Cinema I: The Movement-Image
Gilles Deleuze was one of the most influential figures in twentieth-century philosophy, well known for his works on the philosophy of art and for his master-works, Difference and Repetition and - with Felix Guattari - A Thousand Plateaus and Anti-Oedipus.
Cinema I is the first volume of Deleuze's revolutionary work on the theory of cinema (concluded in Cinema II, also available in the Bloomsbury Revelations series). Drawing on the philosophy of Henri Bergson, Deleuze identified his work as "a logic of the cinema", setting out to "isolate certain cinematographic concepts" philosophically. To do this, he brings together diverse examples from a variety of major filmmakers, including Ingmar Bergman, Charlie Chaplin, Sergei Eisenstein and Alfred Hitchcock, among many others.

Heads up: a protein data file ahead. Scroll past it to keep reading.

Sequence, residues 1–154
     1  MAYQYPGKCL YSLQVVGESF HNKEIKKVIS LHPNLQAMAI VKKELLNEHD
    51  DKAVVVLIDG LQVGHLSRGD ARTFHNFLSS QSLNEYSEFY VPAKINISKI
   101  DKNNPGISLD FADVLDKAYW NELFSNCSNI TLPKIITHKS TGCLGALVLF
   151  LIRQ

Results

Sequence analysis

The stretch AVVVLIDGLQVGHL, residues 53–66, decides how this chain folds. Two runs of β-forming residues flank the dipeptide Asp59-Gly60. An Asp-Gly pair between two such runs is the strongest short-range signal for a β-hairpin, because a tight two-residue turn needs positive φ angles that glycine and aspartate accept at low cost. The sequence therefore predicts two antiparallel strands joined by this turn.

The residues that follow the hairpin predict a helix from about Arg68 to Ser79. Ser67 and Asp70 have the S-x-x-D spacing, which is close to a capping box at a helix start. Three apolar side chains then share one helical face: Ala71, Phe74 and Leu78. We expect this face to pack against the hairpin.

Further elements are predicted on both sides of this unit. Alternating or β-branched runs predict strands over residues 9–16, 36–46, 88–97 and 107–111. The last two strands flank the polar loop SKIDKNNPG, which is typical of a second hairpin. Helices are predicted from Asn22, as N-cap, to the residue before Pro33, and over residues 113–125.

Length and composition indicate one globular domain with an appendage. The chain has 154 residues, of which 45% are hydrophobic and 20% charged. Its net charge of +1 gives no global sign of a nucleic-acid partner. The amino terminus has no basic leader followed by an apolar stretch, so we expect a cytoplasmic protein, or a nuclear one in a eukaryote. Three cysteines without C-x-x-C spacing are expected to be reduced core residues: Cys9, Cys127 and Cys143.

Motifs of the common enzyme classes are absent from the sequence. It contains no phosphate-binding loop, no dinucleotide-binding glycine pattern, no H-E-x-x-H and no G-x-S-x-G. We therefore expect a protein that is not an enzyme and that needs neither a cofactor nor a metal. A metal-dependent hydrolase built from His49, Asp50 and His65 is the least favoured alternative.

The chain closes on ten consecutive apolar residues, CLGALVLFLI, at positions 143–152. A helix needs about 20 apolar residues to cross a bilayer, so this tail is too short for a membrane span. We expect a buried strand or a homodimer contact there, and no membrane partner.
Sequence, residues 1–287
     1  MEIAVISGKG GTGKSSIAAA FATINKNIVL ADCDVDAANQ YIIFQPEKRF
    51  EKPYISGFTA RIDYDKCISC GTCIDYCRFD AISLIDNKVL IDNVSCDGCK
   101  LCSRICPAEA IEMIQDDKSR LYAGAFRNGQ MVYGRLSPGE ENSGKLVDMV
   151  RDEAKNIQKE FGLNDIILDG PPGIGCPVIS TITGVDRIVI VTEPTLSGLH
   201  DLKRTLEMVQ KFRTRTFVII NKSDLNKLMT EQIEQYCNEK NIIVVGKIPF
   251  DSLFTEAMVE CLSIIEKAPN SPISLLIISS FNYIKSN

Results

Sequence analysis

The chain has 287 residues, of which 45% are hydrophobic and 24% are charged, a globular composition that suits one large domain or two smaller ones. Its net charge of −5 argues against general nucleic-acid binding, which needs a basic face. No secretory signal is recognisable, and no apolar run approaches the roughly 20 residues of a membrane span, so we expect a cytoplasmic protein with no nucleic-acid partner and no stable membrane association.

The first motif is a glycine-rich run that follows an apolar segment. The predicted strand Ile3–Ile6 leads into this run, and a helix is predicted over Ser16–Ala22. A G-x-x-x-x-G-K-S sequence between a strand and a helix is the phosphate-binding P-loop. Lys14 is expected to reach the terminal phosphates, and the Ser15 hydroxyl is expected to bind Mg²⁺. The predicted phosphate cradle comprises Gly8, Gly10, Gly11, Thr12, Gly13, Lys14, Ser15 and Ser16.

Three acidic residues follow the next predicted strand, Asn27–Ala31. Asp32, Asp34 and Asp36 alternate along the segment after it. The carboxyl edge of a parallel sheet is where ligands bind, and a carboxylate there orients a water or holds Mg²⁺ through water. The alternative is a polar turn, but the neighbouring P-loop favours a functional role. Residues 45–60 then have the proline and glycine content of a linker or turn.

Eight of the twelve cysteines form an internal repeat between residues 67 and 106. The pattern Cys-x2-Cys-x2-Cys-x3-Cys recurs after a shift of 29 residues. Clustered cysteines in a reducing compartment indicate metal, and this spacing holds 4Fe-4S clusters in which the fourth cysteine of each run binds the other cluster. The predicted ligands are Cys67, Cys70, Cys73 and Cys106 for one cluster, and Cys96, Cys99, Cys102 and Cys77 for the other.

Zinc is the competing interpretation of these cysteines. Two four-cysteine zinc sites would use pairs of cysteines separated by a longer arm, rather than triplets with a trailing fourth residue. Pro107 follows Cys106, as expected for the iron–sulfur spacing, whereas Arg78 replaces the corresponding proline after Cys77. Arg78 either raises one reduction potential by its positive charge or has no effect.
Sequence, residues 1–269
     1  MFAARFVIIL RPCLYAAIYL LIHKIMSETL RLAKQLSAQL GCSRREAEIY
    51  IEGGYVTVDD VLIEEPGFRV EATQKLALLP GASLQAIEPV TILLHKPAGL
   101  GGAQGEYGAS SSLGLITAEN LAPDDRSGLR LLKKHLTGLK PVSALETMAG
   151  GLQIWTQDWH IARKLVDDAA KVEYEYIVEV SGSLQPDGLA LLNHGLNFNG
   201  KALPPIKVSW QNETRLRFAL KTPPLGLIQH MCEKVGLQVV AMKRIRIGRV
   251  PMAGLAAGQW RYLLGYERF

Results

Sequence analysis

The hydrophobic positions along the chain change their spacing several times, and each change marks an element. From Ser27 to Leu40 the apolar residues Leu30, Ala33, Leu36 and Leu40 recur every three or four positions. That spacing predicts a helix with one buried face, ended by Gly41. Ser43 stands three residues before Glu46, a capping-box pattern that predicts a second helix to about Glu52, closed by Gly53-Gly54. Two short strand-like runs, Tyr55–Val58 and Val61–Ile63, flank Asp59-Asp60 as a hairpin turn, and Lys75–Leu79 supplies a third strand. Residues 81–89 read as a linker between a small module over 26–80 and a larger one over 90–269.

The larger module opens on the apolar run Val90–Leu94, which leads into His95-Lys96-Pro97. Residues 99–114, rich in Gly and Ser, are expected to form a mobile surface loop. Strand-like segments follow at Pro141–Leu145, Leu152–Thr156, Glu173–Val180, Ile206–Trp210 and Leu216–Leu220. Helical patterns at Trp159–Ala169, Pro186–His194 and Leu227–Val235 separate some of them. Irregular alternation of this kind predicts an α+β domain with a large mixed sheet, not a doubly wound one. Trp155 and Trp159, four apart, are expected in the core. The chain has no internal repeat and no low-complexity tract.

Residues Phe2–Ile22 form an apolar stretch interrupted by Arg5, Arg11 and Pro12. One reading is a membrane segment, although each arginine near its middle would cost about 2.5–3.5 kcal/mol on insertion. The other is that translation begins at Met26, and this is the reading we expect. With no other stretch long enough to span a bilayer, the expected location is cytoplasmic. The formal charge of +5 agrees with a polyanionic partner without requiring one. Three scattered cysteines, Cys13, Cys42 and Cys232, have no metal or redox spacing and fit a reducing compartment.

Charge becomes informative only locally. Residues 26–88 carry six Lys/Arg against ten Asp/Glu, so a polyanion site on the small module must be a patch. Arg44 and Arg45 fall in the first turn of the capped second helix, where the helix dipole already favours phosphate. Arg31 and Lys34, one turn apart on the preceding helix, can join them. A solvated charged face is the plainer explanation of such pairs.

Format/pages: paperback / 304 pages